The DVD

Video:

The anamorphic 2.35.1 transfer looks very, very nice on this DVD release. Blacks are solid, colors are very well defined and flesh tones look lifelike and natural. Compression artifacts and edge enhancement are almost non-existent and there isn't a whole lot to complain about. There's plenty of both foreground and background detail present in the image from start to finish and color reproduction is drop dead gorgeous in certain scenes. There's a tiny hint of aliasing present in a few scenes but other than that there aren't really any digital transfer issues worth noting aside from some very slight edge enhancement here and there. Print damage is pretty much non-existent and while there is some fine film grain in one or two spots, that's okay as it isn't ever once overpowering or distracting in the least. Aeon Flux looks damn good on this DVD.

Sound:

Dolby Digital 5.1 Surround Sound tracks are available in both English and French and optional subtitles are available in English and French and a Dolby Digital 2.0 Surround track is supplied in English only. The surrounds are used very actively during most of the key action scenes and it makes for some pretty atmospheric viewing. Dialogue is clean, clear and easy to follow (as long as you're okay with the accents – they're really not that difficult…) and the sound effects and the background score are mixed into the movie nicely without ever overpowering the performers as they speak. This is a pretty aggressive mix with bullets coming at you from every direction during the climactic finale and plenty of boom in the lower end with most of the dialogue coming from the front center speaker. It's a very well designed mix, and if you want something to show off your surround sound system, this wouldn't be a bad choice at all. Subtitles are provided in English and Spanish and an English closed captioning option is available for the feature.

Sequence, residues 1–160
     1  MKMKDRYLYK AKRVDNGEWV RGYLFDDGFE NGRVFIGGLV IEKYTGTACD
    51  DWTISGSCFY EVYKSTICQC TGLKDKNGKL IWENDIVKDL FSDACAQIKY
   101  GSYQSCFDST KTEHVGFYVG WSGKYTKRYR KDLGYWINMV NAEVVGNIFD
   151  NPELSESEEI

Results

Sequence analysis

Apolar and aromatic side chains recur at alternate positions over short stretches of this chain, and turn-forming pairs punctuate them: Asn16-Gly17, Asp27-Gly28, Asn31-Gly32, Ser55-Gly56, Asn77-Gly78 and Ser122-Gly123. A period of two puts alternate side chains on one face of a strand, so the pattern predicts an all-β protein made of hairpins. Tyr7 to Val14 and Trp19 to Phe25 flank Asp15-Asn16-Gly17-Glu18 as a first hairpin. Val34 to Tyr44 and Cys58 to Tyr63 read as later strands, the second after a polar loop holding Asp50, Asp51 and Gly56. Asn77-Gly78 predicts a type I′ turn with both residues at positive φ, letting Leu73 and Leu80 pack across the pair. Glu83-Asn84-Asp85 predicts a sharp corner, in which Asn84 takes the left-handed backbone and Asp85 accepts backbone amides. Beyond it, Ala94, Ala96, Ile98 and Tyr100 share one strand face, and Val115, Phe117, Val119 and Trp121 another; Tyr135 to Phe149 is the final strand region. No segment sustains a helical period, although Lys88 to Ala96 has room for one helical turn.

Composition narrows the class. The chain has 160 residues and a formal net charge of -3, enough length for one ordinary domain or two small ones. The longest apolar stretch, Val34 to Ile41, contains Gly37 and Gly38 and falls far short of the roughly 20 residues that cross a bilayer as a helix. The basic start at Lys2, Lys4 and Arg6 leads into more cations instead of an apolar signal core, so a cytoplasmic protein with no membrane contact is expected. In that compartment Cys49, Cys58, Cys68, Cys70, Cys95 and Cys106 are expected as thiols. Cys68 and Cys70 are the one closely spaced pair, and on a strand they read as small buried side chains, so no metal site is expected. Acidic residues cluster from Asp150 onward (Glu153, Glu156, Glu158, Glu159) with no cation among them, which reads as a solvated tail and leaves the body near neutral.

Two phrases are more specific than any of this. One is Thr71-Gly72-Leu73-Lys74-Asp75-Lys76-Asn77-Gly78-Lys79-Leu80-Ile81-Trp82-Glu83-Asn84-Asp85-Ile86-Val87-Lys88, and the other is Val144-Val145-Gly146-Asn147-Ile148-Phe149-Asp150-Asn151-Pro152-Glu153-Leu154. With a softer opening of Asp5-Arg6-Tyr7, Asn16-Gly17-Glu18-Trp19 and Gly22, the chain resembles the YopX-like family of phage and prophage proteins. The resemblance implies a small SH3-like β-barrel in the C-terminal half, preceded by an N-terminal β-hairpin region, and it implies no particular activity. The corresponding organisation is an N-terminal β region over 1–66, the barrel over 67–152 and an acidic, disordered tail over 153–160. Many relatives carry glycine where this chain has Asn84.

Extras:

First up is a commentary track with star Charlize Theron and the film's producer, Gale Ann Hurd. The two cover a fair bit of ground on this track, but they do so without any humor and in a rather dry, very matter-of-fact manner that winds up putting the listener to sleep. A bit more enthusiasm would have made this track a winner as the information is good – we learn about how Theron came on board, what she likes about the character, as well as how certain participants were chosen for the difficult task of bringing a cartoon character to life on the big screen.